Nitrogen-fixing plasma reactor trial

26 Nov, 2018 04:00 AM
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The plasma reactor was installed five months ago on a trial and is already producing liquid nitrogen

A large dairy farm in Northern Ireland is trialling a new system of reducing ammonia emissions while producing its own liquid nitrogen fertiliser.

This new concept, developed by Norwegian company N2 Agri, involves passing manure or digestate through a plasma reactor to produce the liquid nitrogen fertiliser.

This process, says the company, will ultimately save farmers up to 20 per cent of their artificial fertiliser costs and also reduce their ammonia production levels.

Although the concept has moved beyond the prototype stage, it is still being tested around the world: on a pig farm in Denmark and on a 650-cow dairy farm near Templepatrick in Northern Ireland.

The dairy farm is run by Robin Bingham and his son George, who installed a biogas plant one year ago, which produces electricity and supplies it into the national grid.

In total, the farm has 1200 cows, including dry cows and followers, and runs a zero-grazing system where the fresh grass is harvested and delivered to the cows daily.

The plasma reactor was installed at the farm five months ago on a trial and is already producing liquid nitrogen, which has been spread on test plots at the farm.

N2 Agri said its goal was to fundamentally improve the global food production by enabling farmers to produce their own fertiliser from manure, air and renewable energy. By installing their system, N2 Agri said farmers could potentially save up to 20 per cent on their artificial nitrogen costs and with these savings should be able to pay back the plasma reactor in about six or seven years.

With expertise gained in the fertiliser industry over many years, the experts at N2 Agri have developed and patented this technology that uses a plasma reactor that fixes nitrogen from the air and adds it to the manure.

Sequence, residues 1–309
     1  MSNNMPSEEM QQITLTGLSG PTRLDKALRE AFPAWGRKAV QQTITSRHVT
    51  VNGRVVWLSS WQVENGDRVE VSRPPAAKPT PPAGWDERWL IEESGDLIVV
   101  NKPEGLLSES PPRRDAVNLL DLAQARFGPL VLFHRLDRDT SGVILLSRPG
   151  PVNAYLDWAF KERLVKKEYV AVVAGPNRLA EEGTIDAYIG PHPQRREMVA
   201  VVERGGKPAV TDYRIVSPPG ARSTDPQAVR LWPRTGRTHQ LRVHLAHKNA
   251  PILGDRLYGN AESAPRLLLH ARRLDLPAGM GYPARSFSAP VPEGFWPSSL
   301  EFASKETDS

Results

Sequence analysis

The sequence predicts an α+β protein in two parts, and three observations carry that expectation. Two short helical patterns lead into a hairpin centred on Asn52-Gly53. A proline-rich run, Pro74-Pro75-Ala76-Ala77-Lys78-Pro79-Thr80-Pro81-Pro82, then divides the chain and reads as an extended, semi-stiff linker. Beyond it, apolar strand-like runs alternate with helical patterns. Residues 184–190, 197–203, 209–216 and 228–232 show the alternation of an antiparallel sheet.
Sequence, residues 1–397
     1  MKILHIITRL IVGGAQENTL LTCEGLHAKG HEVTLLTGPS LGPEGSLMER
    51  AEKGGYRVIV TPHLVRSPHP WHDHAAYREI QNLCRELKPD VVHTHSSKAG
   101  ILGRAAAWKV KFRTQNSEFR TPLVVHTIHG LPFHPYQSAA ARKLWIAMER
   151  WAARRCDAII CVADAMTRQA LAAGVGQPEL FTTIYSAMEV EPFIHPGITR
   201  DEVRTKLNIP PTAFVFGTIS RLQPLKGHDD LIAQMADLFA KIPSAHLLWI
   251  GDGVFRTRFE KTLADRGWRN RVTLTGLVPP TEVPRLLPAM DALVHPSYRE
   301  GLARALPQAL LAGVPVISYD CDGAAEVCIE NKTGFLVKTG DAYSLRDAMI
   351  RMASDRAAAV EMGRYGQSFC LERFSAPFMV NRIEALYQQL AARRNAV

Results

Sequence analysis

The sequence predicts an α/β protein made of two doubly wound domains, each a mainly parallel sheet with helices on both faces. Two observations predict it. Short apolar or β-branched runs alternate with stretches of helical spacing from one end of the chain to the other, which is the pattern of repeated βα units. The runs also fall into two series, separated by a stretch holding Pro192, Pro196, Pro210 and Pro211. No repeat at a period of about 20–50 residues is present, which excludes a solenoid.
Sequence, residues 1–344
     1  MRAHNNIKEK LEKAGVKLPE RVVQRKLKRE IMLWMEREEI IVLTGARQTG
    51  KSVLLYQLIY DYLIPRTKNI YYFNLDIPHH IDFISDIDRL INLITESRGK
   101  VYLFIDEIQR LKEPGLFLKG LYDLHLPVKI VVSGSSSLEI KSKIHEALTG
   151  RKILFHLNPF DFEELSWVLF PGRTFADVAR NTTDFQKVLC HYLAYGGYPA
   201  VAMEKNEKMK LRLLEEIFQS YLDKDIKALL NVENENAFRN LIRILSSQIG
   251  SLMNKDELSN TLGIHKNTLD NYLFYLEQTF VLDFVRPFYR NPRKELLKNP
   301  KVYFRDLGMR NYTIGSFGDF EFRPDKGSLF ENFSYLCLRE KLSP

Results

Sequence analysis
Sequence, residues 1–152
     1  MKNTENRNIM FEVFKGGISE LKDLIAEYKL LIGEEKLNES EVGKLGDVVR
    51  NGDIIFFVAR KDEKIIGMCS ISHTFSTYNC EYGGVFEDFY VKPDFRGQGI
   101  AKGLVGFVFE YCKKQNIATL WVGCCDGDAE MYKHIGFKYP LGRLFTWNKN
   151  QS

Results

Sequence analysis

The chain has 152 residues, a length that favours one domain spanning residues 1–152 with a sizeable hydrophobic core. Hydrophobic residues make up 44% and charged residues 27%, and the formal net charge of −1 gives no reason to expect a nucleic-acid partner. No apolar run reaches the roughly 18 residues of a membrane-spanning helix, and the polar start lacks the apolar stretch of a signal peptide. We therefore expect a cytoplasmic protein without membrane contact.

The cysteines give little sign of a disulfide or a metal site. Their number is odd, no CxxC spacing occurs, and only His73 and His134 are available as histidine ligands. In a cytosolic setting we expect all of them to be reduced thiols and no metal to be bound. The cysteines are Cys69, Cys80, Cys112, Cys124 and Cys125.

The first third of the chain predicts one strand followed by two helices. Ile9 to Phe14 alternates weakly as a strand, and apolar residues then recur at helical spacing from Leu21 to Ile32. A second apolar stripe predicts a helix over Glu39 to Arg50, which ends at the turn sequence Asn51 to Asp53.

This causes a reaction with the manure and stops ammonia losses as well as emissions of other greenhouse gasses, and removes bad odour.

Besides reduction of ammonia emissions, the system increases the nitrogen content in the manure and transforms it from a waste product into a high-value fertiliser.

N2 Agri business development director Henk Aarts, said: "Our objective is to empower livestock farmers through the introduction of a low-cost, scalable fertiliser production on the farms.

"Our ultimate goal is to substitute chemical fertilisers with fertiliser produced locally on the farm from air and renewable energy. And meanwhile, we work on a better stable climate and a more sustainable livestock sector.

"We can also upgrade biogas digestate to a higher value fertiliser with our technology."

Although the company is trialling two machines in Europe, it has plans to embark on more trials further afield in places such as South Africa.

N2 Agri is partnering with SBI, an innovative plasma welding company based in Hollarunn, Austria. N2 and SBI are further using the competence of the University of Vienna for analysis of plasma composition and temperatures.